Behind the Image: NAU Guest Blogger – Paul Hurd » You Can Sleep When You're Dead: Blog by Colleen Miniuk

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May 052014

Photo copyright Paul Hurd

This is an image I have wanted to capture for quite some time.  For a few years now, I have been fascinated with capturing a subject beyond our comprehension—the Milky Way. I get an incredibly humble feeling when I see our vast galaxy in the dark sky above, so it is no wonder that I love to photograph it!  There is also a level of uniqueness in this genre of photography.  I try to edge away from cliché images, and I feel that this imagery does just that.  In most cases, it is rare for me to take a landscape shot that looks better than what I see with my eyes.  The colors aren’t as saturated, the depth is not the same, and the scene does not have the same feeling when captured in a photograph.  This is not the case when shooting the night skies.  With today’s digital cameras and photo-editing software, it becomes possible to create an image that actually looks more incredible than what the human eye sees.  Using the most light-gathering settings on my camera, the details of the Milky Way pop out.  But for me, the stars alone are not enough to create a memorable image.  I find it best to incorporate a landscape element into the frame.  Some of the best landscape astrophotography shots I’ve seen contain some type of body of water.  After these types of images inspired me, I thought there would be some great photo opportunities at Lake Mary, just outside of Flagstaff, AZ.  After pondering this idea for months, I decided to go out and shoot one night in late March.  There was a new moon, my roommate let me borrow his car, the skies were clear, and the brightest portion of the Milky Way was rising above the horizon at about 3AM.  So, I sacrificed sleep and a warm bed in the wee hours of Monday morning to go see what I could capture.  After dodging some elk on the eerie 20 minute drive to the lake, I arrived to a beautiful sight. I stepped out of the car and looked to the east.  Sure enough, there was the massive, dim cloud of dust and stars above the horizon.  Without further ado, I unpacked my camera and tripod and started setting up.  I snapped shot after shot, amazed at what was appearing on my tiny LCD screen.  But I still was not satisfied.  I needed to somehow get a good shot of the lake and the Milky Way in one image.  After toiling around in the pitch-blackness, I found a small group of rocks and composed the best shot I could.  I set my 14mm lens’ aperture to f/2.8 and my shutter speed to 30 seconds.  I decided to crank the ISO way up to 4000.  While this induces a good amount of noise and grain, I knew I had to make my camera ultra-sensitive to light to grab as much detail as possible from the stars. My exposure looked good and I painted just the right amount of light onto the rocks with a flashlight.  After that, I saw a car coming down the highway and I thought it was going to ruin my shot.  As it turns out, this lit up the trees and actually added more dimension to the image.  The next day, I edited the image in Lightroom and Photoshop.  After adjusting the exposure, white balance, contrast, and sharpening the Milky Way I was satisfied with the final product.  I have some ideas for future shoots like this, but for now this is definitely one of my favorite night-shots to date.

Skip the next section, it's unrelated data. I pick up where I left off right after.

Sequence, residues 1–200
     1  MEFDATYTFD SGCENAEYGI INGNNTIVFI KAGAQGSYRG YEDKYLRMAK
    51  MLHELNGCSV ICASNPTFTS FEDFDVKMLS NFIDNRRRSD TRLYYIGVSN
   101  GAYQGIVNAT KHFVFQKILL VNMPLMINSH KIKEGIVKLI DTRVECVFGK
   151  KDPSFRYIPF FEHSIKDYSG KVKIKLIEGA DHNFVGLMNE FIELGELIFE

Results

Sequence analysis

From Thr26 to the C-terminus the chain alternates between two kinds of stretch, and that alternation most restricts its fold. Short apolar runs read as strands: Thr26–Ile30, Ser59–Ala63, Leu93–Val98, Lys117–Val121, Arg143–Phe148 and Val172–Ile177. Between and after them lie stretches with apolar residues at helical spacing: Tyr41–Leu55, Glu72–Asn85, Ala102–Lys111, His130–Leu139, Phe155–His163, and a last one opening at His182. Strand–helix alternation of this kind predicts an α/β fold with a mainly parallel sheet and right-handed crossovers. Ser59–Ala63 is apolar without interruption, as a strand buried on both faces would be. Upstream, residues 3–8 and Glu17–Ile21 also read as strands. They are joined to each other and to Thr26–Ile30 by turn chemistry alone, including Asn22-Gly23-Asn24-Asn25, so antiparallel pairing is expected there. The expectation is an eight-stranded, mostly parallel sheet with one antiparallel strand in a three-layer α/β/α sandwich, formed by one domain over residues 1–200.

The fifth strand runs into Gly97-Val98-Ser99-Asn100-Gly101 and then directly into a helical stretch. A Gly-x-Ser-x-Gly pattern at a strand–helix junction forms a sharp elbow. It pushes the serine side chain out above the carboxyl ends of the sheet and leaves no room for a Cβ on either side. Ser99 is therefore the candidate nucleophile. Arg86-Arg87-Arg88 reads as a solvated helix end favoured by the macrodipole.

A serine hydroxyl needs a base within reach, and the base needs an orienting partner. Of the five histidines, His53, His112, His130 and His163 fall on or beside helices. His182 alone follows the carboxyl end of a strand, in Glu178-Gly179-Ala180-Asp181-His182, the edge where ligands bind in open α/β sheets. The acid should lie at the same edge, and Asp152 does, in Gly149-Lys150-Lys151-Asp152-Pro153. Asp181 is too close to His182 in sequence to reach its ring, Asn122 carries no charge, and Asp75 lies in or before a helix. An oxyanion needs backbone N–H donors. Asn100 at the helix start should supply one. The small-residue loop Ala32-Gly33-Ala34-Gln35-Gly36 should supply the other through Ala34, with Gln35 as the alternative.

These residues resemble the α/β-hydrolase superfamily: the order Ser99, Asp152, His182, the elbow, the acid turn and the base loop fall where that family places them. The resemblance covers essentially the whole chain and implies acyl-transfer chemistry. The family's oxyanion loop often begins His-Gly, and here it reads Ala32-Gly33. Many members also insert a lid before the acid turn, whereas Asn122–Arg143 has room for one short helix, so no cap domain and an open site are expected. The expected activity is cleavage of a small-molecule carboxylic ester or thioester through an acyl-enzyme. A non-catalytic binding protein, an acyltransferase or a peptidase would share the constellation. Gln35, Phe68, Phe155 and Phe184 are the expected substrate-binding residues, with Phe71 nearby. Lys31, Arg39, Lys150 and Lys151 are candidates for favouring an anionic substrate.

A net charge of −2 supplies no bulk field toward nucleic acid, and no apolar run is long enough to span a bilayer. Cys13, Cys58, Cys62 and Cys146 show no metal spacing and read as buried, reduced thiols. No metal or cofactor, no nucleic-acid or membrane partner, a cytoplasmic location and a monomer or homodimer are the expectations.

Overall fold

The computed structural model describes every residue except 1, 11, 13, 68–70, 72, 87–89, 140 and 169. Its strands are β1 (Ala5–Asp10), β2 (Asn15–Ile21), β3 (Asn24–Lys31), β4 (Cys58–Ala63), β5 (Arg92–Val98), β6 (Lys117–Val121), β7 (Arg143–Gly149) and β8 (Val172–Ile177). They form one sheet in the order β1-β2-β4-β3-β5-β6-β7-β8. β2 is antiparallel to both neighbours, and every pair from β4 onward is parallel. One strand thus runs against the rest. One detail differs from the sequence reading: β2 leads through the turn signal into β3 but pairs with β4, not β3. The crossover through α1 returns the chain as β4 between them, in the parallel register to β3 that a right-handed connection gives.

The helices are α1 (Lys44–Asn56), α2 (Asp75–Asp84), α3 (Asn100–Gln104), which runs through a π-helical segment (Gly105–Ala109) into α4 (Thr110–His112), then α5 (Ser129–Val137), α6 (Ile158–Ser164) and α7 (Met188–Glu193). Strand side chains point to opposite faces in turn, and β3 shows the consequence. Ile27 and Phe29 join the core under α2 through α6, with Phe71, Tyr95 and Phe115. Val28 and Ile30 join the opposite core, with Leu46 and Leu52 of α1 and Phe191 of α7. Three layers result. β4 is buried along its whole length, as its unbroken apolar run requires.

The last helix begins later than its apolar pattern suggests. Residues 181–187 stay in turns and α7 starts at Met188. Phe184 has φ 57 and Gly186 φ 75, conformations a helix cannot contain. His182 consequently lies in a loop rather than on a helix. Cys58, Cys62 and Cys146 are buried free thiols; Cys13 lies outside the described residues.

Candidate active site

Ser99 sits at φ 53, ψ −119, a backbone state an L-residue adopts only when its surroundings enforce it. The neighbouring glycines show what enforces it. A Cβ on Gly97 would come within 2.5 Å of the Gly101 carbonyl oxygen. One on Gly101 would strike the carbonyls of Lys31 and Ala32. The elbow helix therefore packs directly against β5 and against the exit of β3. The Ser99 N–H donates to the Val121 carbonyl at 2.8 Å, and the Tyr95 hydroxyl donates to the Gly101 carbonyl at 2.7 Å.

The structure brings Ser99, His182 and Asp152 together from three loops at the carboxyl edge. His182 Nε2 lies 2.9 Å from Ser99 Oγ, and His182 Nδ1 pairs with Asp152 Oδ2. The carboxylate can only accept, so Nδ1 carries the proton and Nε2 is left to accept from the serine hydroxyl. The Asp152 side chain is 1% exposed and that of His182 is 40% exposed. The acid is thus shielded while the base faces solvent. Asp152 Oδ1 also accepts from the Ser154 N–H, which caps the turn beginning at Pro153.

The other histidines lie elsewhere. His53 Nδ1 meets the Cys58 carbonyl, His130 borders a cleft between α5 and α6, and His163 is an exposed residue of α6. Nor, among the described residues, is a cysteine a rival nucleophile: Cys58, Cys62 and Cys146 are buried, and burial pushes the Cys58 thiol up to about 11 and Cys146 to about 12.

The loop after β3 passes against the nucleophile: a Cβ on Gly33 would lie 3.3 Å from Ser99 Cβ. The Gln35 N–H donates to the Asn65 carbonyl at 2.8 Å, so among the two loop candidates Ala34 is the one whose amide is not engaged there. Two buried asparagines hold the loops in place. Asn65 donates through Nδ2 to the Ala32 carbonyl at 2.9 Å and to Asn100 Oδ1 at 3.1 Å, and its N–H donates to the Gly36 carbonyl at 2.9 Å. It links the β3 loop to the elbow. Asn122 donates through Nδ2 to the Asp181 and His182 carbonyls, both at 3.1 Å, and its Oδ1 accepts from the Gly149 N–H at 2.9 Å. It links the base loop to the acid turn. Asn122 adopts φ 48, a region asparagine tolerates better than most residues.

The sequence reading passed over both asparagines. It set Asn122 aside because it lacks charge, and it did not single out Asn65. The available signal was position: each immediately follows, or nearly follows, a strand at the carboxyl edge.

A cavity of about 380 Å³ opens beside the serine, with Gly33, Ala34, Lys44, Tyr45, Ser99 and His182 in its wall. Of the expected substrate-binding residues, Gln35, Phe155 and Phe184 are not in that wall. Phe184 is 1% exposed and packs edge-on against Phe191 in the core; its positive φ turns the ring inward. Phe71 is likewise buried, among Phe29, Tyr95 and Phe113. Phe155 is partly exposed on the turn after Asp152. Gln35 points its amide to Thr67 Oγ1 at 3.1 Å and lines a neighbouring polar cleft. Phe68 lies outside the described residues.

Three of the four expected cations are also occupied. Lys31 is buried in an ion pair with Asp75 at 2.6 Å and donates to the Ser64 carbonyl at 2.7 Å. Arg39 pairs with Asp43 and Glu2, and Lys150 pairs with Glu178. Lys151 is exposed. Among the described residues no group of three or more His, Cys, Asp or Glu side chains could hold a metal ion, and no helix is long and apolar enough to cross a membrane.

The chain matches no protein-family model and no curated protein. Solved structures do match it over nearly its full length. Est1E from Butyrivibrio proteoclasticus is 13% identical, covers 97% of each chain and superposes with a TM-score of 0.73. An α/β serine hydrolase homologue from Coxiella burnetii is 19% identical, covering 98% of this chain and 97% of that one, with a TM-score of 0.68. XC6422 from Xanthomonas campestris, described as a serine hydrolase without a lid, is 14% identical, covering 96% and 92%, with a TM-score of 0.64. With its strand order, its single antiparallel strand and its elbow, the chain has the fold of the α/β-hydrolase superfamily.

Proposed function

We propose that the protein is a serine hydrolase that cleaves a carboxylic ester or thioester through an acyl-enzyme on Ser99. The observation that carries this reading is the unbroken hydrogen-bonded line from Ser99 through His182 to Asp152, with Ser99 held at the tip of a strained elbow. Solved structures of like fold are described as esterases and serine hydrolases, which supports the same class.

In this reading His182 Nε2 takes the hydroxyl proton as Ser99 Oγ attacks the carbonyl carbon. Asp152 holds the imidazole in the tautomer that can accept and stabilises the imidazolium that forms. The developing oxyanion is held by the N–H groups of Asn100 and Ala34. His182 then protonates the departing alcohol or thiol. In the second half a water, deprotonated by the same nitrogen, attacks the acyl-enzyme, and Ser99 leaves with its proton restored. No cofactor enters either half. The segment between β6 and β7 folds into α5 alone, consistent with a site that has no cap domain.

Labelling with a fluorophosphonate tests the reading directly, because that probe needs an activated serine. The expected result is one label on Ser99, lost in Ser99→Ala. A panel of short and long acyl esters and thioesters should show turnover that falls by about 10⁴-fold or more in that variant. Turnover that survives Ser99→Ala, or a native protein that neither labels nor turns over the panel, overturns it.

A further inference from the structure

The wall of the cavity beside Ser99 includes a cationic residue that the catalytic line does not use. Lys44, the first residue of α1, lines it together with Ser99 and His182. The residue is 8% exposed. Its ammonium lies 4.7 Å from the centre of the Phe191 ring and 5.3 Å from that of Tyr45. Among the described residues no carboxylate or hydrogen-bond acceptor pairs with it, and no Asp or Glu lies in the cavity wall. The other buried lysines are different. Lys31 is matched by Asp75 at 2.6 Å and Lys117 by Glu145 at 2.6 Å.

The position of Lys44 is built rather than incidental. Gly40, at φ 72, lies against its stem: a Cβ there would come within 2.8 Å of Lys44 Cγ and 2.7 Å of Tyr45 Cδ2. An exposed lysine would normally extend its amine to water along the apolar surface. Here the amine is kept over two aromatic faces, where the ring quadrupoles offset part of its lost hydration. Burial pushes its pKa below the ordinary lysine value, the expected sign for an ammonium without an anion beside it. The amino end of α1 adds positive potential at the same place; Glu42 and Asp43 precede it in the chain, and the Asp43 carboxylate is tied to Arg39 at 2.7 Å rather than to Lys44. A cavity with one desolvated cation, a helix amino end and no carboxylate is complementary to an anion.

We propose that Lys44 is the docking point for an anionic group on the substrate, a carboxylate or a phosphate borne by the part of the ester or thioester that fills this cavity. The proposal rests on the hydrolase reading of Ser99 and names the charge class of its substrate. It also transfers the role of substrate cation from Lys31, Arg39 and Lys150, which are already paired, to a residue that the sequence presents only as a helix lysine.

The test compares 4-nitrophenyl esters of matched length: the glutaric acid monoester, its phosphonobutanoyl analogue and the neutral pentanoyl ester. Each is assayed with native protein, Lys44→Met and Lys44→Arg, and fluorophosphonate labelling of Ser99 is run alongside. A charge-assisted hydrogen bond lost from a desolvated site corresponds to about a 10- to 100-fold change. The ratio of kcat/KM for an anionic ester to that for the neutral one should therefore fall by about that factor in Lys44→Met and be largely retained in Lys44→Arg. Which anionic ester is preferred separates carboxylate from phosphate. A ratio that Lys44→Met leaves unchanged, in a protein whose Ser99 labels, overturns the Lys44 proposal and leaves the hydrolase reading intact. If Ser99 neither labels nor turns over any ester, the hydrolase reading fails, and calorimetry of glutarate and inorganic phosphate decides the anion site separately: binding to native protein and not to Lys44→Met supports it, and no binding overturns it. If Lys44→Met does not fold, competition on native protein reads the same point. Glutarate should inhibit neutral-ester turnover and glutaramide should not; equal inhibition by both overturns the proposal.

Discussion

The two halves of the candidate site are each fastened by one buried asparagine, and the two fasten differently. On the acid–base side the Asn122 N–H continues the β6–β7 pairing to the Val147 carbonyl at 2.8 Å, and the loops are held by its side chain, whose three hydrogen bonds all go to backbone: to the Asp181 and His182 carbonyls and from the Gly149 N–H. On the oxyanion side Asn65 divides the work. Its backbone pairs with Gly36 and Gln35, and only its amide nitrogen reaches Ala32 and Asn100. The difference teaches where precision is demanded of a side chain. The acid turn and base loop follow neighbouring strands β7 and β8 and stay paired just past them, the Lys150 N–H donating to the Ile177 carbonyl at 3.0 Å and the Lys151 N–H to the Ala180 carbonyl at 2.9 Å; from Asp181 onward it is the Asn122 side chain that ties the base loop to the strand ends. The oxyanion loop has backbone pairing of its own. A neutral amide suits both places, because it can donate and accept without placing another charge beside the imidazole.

About the Photographer:
I was born and raised in Tucson, Arizona and got hooked on photography my freshman year of high school.  There, I learned how to shoot with both film and digital SLR cameras. Four years later, I left home to attend Northern Arizona University to get a change of pace and experience a new setting.  Now, I’m currently taking photography classes to better myself as a photographer and possibly make it into a career someday.

My favorite photos are almost always captured at night.  While many photographers pack up after sunset, I start setting up.  Utilizing long exposure techniques, it’s possible to show off the amazing scenes happening in the dark that our eyes are simply not sensitive enough to see. I always challenge myself to produce captivating photos and will continue to do so for years to come.  I hope you enjoy viewing my images as much as I enjoy creating them.

To read more about the Northern Arizona University “Behind the Image: Guest Blogger” project on our blog, please read the introduction at

  One Response to “Behind the Image: NAU Guest Blogger – Paul Hurd”

  1. Such a stunning photo! You are truly talented at capturing the beauty of the stars.

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